The number of first-time buyers achieving their dream of home ownership reached a 12-year high in 2018, according to industry data published by UK Finance.
A total of 370,000 new first-time buyer mortgages were completed during the year, up 1.9% compared to 2017’s total. This represents the strongest year for first-time buyers since 2006, when 402,800 loans to young buyers were completed.
Low mortgage rates and government support schemes such as Help to Buy were credited with boosting the chances of new buyers.
On a monthly basis, December 2018’s lending totals looked much like previous months. There were 30,000 homemover mortgages completed in the month, down 1.3% year-on-year.
Also boosted by low mortgage rates, the number of remortgages rocketed by 9.3% to 34,000 in the year to December. However, there was less good news for the buy-to-let market as completions fell 5.6% to just 5,100.
First-time buyers, however, face different challenges depending on where in the country they are located. Those in London and the South East must borrow many times the average local salary to purchase a home, according to Halifax research.
In the London borough of Brent, for example, the average house price is 13.3 times average local earnings. Elsewhere in the capital, Hackney homeowners must pay 11.8 times the average salary.
The most difficult place to buy outside of London was Oxford, where individuals must borrow 10.9 times the average local salary to get onto the ladder.
The North West of England and Scotland were the areas which had the lowest house price to earnings ratio. In Pendle, Lancashire, the average property costs 2.6 times the typical salary in the area while in Copeland, Cumbria, the ratio was also 2.6 times.
The research also showed that the amount needed for a deposit also varies by location. In London a buyer must have 26% of the purchase price as a deposit while in Wales this is just 11%.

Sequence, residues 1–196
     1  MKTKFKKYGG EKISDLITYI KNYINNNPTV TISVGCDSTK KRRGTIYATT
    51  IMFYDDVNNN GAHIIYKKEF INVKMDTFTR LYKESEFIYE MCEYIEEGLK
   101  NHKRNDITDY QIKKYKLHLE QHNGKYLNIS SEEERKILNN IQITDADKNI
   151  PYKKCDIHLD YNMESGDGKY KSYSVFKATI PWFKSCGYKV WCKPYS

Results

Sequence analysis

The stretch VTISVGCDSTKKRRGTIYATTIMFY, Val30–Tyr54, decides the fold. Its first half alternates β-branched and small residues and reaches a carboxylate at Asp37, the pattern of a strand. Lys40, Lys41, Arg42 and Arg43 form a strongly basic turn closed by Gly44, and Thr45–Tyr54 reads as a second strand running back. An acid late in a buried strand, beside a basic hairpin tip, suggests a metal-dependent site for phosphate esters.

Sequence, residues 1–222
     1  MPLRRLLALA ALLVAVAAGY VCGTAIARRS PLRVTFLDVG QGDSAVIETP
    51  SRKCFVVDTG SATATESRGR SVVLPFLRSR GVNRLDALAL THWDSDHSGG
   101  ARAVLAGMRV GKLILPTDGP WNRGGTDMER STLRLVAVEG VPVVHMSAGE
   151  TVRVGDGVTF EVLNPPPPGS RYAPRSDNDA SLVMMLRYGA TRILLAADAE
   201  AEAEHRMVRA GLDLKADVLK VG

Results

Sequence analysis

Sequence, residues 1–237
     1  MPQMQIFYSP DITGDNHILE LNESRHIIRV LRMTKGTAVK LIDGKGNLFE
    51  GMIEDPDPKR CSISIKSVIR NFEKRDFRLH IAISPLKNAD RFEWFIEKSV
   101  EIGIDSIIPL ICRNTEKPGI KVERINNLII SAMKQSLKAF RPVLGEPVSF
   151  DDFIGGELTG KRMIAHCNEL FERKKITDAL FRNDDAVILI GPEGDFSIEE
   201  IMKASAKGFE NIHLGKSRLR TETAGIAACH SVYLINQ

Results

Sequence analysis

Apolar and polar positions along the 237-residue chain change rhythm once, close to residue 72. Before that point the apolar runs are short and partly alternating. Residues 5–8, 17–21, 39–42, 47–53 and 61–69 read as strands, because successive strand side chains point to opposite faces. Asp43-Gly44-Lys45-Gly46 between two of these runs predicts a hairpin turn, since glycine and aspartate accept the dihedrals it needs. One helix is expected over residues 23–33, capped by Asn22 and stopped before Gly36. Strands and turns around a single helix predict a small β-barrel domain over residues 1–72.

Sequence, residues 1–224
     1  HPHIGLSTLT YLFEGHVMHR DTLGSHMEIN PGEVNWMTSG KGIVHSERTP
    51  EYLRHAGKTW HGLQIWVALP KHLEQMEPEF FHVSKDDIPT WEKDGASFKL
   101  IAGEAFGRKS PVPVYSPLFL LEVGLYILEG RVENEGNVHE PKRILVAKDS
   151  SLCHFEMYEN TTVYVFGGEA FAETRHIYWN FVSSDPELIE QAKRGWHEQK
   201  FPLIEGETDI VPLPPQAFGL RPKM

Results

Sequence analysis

House prices increased by 2.5% in the year to December, according to the Office for National Statistics. This growth rate was down from 2.7% the previous month, and is the lowest growth rate recorded since July 2013.
This slowdown was attributed to a fall in prices in many parts of London and the South East. However, the North East was the biggest faller, where prices dropped by 1% in the last 12 months. The region remains the cheapest place to buy a home in the UK.
The average UK house price was £231,000 in December 2018, £6,000 higher than at the same point in the previous year.
Finally, there is much more choice for first-time buyers as the number of loans at 90% and 95% LTV increased substantially between January and February.
There are now 645 products available to borrowers with a 10% deposit this month, 26 higher than in January. The number of 95% LTV loans also increased, rising from 298 to 325 – an increase of 27.
Richard Sexton – Business Development Director, e.surv Chartered Surveyors